The modulator receives the coded information and signaling bits for each time slot from the channel coders. It performs DQPSK modulation to produce the necessary digital components of the transmitter waveform. These waveform samples are converted from digital to analog signals. The analog signals are then sent to the transceiver, which transmits and receives digitally modulated radiofrequency (RF) control and information signals to and from the cellular phones.
The modulator/equalizer receives signals from the transceiver. It performs filtering, automatic gain control, receive signal strength estimation, adaptive equalization, and demodulation. The demodulated data for each of the time slots is then sent to the channel coder for decoding. Newer voice coding technology is available that produces near-landline speech quality in wireless networks based on the IS-136 TDMAstandard.
One technology uses an algebraic code excited linear predictive (ACELP) algorithm, an enhanced internationally accepted code for dividing waves of sound into binary bits of data. The ACELP coders can be integrated easily into current wireless base station radios as well as new telephones. ACELP-capable phones enable users to take advantage of the improved digital clarity over both North American frequency bands—850 MHz for cellular and 1.9 GHz for PCS.
Receive signal strength estimation is used in the call handoff process. The traditional handoff process involves the cell site currently serving the call, the switch, and the neighboring cells that potentially can continue the call. The neighboring cells measure the signal strength of the potential call to be handed off and report that measurement to the serving cell, which uses it to determine which neighboring cell can best handle the call.
TDMA systems, on the other hand, reduce the time needed and the overhead required to complete the handoff by assigning some of this signal strength data gathering to the cellular phone, relieving the neighboring cells of this task and reducing the handoff interval.
Digital Control Channel
Digital Control Channel (DCCH), described in IS-136, gives TDMAfeatures that can be added to the existing platform through software updates. Among these new features are:
- Over-the-air activation Allows new subscribers to activate cellular or PCS service with just a phone call to the service provider’s customer service center.
- Messaging Allows users to receive visual messages up to the maximum length allowed by industry standards (200 alphanumeric characters). Transmission of messages permits a mobile unit to function as a pager.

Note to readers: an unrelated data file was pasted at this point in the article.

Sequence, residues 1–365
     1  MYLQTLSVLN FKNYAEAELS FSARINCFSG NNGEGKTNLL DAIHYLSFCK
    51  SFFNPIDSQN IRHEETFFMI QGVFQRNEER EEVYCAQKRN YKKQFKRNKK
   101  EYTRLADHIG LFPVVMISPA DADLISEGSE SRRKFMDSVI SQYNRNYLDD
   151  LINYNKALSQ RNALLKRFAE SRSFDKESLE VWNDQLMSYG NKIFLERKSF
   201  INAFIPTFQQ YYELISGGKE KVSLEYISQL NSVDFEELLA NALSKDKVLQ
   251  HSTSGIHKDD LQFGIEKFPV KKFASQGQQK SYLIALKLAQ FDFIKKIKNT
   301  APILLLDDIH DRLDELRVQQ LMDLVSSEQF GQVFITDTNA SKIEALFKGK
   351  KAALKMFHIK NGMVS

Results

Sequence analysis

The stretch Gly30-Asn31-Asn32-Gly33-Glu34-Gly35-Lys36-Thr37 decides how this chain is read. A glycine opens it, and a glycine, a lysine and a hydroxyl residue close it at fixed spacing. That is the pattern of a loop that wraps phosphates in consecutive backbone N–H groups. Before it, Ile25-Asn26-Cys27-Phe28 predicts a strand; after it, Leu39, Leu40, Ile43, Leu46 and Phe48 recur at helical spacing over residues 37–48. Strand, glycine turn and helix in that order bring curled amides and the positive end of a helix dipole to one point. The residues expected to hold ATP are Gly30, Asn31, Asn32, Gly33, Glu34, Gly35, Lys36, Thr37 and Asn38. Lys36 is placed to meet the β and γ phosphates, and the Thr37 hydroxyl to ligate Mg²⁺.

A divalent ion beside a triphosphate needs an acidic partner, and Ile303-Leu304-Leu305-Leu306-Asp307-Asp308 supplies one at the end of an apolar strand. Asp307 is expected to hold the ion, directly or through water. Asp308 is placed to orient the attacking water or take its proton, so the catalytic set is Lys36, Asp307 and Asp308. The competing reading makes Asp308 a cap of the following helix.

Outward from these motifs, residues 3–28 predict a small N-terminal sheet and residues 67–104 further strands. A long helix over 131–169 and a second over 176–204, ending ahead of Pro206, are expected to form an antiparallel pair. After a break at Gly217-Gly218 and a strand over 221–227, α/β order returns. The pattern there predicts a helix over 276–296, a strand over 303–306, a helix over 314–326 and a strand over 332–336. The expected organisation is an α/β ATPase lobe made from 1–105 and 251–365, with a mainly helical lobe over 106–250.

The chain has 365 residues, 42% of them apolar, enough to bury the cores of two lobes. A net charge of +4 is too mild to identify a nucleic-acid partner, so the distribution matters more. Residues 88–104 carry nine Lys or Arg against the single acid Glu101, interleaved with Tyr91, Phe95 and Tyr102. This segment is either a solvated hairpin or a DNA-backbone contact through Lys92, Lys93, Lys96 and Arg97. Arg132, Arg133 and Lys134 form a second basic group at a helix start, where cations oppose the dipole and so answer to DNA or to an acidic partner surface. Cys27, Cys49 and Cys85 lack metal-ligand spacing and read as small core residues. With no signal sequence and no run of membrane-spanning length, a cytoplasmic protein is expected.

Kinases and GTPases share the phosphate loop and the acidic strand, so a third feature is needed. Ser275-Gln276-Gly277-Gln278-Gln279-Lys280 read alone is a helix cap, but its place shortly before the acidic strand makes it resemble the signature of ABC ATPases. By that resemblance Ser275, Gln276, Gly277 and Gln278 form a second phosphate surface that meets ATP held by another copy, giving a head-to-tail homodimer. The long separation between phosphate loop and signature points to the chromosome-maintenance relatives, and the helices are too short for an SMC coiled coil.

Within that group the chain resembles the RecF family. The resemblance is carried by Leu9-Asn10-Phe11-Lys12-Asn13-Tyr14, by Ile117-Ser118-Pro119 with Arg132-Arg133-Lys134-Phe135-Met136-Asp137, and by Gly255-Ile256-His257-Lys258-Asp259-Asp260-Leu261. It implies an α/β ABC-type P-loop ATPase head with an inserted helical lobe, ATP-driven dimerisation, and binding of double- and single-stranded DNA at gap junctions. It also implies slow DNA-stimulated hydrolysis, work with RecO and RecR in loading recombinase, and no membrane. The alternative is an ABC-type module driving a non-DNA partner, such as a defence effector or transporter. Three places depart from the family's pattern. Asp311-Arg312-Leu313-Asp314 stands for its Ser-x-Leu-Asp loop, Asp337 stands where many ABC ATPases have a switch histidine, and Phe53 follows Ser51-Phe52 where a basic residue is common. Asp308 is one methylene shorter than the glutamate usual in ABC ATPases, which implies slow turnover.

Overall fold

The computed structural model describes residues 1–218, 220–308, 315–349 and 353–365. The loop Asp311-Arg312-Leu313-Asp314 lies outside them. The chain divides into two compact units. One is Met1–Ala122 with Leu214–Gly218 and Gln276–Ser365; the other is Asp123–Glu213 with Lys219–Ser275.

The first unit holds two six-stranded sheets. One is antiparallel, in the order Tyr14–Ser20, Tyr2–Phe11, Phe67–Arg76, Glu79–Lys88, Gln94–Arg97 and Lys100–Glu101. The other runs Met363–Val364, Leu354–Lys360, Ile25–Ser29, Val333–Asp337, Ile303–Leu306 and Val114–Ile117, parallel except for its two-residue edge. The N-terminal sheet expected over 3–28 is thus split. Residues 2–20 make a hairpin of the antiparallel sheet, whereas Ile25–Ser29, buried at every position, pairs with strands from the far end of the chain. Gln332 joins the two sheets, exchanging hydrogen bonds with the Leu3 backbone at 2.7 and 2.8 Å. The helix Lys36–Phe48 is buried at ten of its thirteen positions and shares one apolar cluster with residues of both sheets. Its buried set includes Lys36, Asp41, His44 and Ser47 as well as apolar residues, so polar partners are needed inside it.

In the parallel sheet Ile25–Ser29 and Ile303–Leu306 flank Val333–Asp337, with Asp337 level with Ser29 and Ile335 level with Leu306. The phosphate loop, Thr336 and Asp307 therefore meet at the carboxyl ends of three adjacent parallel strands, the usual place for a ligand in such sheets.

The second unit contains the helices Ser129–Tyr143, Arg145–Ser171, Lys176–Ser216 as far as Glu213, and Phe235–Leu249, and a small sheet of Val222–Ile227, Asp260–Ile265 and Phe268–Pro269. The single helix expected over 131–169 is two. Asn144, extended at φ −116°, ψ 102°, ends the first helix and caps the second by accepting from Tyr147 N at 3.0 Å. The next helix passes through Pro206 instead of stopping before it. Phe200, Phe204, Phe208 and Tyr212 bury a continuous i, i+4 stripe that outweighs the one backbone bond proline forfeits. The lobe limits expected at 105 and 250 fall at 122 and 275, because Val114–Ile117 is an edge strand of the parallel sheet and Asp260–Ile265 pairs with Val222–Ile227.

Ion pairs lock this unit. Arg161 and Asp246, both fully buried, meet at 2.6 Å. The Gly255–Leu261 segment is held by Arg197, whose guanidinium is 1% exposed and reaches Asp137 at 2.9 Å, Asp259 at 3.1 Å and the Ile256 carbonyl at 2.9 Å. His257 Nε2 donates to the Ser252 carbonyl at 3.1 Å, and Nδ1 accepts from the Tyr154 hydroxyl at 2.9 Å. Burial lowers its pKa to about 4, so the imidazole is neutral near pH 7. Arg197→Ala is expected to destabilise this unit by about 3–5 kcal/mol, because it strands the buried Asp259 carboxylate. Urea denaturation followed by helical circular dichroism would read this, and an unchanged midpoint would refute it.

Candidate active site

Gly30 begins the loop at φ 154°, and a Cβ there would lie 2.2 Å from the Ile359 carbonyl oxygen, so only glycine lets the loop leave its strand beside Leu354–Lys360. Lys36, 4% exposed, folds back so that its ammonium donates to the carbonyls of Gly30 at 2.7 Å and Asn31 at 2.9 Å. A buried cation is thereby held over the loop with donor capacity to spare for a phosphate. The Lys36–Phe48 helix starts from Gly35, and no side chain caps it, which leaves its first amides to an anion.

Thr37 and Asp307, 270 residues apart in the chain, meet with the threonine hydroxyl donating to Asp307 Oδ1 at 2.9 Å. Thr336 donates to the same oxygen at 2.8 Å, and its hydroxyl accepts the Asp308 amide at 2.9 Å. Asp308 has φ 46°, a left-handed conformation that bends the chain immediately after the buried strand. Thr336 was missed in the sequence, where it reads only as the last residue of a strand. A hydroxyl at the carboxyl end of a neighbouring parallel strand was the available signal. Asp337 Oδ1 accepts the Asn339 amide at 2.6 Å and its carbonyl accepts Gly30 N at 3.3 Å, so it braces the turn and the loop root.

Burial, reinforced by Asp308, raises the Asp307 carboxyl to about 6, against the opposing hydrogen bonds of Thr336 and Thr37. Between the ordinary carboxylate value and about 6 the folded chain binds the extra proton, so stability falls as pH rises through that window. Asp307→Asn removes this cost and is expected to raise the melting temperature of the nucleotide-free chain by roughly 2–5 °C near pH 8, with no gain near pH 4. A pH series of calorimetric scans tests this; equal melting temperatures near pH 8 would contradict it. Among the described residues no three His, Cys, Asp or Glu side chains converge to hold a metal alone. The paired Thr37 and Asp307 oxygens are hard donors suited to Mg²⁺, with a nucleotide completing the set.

- Sleep mode Extends the battery life of mobile phones and allows subscribers to leave their portables powered on throughout the day, ready to receive calls.
- Fraud prevention The cellular system is capable of identifying legitimate mobile phones and blocking access to invalid ones.
A number of other advanced features also can be supported over the DCCH, such as voice encryption and secure data transmission, caller ID, and voice mail notification.
Many vendors and service providers have committed to supporting either TDMAor CDMA. Those who have committed to CDMAclaim that they did so because they consider TDMAto be too limited in meeting the requirements of the next generation of cellular systems. Although TDMA provides service providers with a significant increase in capacity over AMPS, the standard was written to fit into the existing AMPS channel structure for easy migration.
Proponents of TDMA, however, note that the inherent compatibility between AMPS and TDMA, coupled with the deployment of dual-mode/dual-band terminals, offers full mobility to subscribers with seamless handoff between PCS and cellular networks. They also note that the technology is operational in many of the world’s largest wireless networks and is providing reliable, high-quality service without additional development or redesign.
These TDMAsystems can be easily and cost-effectively integrated with existing wireless and landline systems, and the technology is evolving to meet the quality and service requirements of the global third-generation (3G) wireless infrastructure.